More and more police agencies are issuing AR-15 style rifles to their officers, as police recognize the many advantages of the rifle for defense over the shotguns that used to be carried in cruisers. One of the latest groups to be issued the rifles are Tempe, Arizona motorcycle cops. That’s been a challenge because a method had to be found to keep the rifles both available and secure.
The latest accessory for Tempe police motorcycles is causing double-takes in this Phoenix suburb: a rear-mounted AR-15 rifle.
The department quietly has outfitted eight of its duty motorcycles, more than half, with the upright mounts for semiautomatic rifles.
Chief Sylvia Moir, the former chief of El Cerrito, California, brought the idea with her when she was hired by Tempe in September 2016, and it was embraced by officers, said Tempe police Commander Michael Pooley.
AR-15-equipped vehicles are common in many police and sheriff departments. The special motorcycle mount used by the Tempe motorcycle officers are said to make removal of the rifle difficult, unless the “tricks” are known.
It appears that a combination of movements is required to remove the rifle. it’s also possible that an electronic lock is used that may be dependent on an RFID device or similar system.
While it isn’t known who makes the mount used on the Tempe police two-wheelers, I suspect Alternative Vehicle Accessory Manufacturing in Prescott Arizona. Strangely, their site doesn’t have a photo of their mount, but their description seems compatible with the Tempe mount.
You’d hope that whatever mount Tempe chose, it adequately covers the trigger, unlike the version that Chino, California had chosen for their AR-equipped cycles.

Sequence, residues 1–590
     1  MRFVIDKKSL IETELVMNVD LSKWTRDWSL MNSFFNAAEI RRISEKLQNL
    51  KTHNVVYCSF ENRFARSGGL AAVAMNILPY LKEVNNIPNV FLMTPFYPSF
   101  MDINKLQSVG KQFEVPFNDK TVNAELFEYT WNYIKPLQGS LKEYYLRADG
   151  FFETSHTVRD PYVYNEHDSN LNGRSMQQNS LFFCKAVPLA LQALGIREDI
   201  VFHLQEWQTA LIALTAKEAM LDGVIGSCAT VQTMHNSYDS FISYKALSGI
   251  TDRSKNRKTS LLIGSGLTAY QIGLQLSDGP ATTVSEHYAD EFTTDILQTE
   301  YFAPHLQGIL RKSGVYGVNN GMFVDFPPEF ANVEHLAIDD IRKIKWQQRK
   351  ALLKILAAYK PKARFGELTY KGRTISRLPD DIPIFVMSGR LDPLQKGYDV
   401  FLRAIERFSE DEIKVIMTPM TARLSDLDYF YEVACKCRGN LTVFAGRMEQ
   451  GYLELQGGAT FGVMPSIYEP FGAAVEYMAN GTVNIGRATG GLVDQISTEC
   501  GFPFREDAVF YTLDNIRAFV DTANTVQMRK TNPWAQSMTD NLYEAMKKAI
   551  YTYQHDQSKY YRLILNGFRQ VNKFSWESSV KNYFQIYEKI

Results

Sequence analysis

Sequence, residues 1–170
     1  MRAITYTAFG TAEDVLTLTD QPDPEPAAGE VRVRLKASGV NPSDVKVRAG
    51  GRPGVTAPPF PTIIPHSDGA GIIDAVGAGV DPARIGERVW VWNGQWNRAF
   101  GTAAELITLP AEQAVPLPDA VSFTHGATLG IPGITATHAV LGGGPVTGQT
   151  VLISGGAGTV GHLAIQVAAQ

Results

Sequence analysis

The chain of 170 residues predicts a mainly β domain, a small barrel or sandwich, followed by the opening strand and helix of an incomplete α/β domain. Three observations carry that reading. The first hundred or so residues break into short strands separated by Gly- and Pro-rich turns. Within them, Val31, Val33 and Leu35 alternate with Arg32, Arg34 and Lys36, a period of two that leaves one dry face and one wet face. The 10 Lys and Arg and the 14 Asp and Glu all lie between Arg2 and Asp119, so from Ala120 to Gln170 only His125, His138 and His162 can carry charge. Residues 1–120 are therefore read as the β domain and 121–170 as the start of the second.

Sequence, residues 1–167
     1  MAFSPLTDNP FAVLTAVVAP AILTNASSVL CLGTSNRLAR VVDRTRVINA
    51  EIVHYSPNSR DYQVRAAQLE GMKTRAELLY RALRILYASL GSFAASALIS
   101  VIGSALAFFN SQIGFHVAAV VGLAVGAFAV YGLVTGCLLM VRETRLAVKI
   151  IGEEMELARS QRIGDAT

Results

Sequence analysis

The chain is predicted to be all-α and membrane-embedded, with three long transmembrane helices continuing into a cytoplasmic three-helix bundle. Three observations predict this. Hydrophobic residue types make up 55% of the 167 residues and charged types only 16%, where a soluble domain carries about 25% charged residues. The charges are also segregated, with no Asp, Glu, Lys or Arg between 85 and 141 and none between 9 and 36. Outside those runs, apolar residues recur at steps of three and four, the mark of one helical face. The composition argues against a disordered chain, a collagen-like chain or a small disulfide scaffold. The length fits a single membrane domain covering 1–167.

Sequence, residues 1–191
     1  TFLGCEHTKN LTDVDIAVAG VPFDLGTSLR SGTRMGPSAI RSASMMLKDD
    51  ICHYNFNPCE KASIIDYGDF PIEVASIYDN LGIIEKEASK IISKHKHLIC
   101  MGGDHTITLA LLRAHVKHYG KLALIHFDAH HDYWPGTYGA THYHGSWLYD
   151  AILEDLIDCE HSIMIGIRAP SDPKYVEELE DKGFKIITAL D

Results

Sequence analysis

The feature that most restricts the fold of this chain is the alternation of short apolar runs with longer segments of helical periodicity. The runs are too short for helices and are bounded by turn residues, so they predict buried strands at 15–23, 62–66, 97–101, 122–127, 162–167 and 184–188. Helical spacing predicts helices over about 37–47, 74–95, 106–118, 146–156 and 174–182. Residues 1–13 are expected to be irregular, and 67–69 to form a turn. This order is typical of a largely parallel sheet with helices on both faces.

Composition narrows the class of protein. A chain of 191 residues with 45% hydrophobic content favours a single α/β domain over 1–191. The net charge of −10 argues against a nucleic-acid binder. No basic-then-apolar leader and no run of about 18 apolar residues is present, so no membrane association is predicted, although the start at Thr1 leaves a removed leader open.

The advantages of an AR-15 variant for a patrol rifle include 20-30 rounds, easily available magazines, light weight, accuracy, ease of use. Not to mention a significant power advantage over most pistols, and a familiarity gained from any military experience an officer may have.
All of those advantages also apply to everyday citizens who, after all, frequently face similar threats as police officers do.
Tempe PD thought there might be negative reactions to carrying AR-15 rifles on motorcycles. That did not happen.
(Commander Michael) Pooley said the agency was braced for a backlash when it deployed the guns: “We’re always concerned about public perceptions. We don’t want people to think we’re carrying these around for no reason.”
So far, he said, the agency has “gotten a lot of positive feedback” from people in the community.
Arizona is known for its strong support of Second Amendment rights. It’s likely most of the residents of Arizona recognize America’s rifle, and respect its capabilities and advantages for both police and civilians alike.
©2018 by Dean Weingarten: Permission to share is granted when this notice and link are included.